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Private Sector Partnerships
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Private Sector Partnerships

Engaging with businesses for impact

Introduction

The influence of the private sector on social norms, habits and behaviours is widely acknowledged, well documented and is now more relevant to UNICEF’s work than ever before. The world of business has incredible insights, reach and resources around how people make decisions. For context, over 560 billion USD was spent on marketing and advertising in 2019 alone, with projections indicating an additional 100 billion USD being spent in 2021.

We live in a world where commercial brands, services, market practices and workplace dynamics can profoundly impact individual choices, communities and social interactions. At the same time, collective action and consumer activism are increasingly exposing and putting pressure on businesses, calling for better practices, better conduct and more respect for communities and the environment.

UNICEF is committed to using business knowledge, assets and resources to not only protect the rights of children, but to actively promote social good.This tool introduces you to UNICEF’s current business engagement work and organizational strategy to mobilize business for results, offering practical examples of how business engagement has worked for SBC and providing tips and links on how to approach this area as part of your daily work.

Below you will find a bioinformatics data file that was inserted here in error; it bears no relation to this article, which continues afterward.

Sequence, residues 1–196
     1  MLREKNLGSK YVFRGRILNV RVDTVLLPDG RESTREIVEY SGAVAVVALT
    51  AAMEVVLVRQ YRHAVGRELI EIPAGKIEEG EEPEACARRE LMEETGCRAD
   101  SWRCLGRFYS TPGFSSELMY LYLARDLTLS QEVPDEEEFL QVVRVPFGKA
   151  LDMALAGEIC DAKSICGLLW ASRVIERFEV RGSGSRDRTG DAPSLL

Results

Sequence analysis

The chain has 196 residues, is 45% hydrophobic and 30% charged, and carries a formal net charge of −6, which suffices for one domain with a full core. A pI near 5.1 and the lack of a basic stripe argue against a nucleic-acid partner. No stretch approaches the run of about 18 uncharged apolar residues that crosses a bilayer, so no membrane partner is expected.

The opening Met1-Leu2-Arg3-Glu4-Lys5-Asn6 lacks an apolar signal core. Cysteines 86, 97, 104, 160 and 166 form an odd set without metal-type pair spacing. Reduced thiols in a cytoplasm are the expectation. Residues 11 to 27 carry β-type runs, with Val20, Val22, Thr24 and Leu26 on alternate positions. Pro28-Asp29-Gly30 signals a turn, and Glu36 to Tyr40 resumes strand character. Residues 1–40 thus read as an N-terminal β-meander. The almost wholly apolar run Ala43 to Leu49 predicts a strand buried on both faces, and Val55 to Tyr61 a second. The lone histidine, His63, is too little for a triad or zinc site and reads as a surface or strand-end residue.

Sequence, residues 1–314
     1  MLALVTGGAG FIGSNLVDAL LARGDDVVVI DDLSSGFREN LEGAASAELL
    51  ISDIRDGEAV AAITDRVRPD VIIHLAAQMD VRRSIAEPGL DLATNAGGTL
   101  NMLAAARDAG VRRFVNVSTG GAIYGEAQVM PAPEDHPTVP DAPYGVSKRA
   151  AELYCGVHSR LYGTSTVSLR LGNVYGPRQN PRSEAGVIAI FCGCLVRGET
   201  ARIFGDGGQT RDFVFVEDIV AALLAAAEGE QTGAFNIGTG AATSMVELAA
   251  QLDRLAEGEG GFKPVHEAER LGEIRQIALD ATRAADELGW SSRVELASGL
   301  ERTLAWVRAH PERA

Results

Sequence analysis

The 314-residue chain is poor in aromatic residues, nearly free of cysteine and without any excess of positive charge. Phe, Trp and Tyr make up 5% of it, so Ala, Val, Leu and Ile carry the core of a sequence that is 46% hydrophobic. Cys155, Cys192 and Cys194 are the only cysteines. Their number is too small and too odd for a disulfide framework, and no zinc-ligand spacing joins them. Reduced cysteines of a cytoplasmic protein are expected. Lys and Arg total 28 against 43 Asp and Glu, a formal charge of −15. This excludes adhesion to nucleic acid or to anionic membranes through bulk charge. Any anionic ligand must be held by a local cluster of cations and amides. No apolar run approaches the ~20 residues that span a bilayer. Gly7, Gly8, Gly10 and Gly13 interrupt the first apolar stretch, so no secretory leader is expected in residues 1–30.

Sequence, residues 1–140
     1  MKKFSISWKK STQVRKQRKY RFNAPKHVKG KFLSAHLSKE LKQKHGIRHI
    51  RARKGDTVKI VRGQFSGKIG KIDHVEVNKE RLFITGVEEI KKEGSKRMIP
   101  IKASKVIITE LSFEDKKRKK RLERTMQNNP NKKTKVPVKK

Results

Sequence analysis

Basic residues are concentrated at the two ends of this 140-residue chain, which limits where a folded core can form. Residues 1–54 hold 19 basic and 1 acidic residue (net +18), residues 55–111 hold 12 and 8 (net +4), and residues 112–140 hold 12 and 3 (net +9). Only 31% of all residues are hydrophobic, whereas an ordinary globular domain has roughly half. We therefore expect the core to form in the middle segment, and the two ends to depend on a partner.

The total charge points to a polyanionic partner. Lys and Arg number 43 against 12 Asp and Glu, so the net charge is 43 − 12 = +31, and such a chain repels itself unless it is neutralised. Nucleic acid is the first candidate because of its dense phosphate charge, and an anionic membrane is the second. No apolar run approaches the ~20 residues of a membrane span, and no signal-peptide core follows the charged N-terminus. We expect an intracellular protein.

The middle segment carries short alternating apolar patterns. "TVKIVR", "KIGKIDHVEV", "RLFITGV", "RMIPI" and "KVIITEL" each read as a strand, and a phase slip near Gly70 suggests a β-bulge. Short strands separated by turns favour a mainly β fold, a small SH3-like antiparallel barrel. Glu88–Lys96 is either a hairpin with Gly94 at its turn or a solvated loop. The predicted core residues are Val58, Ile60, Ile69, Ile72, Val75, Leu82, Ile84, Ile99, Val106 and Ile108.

Benefits and social/behavioural objectives

Over the past few years, UNICEF’s engagement with the world of business has expanded in scope, incidence and impact, reflecting its commitment to maximize the multiple ways in which the private sector can support the child rights and social change agenda. 

The 2022-2025 Strategic Plan renews this commitment, by outlining business engagement as a key change strategy and creating the Business For Results (B4R) agenda. B4R is an organizational effort for UNICEF offices and teams to consider and integrate the role of business as a key programming strategy in more systematic ways.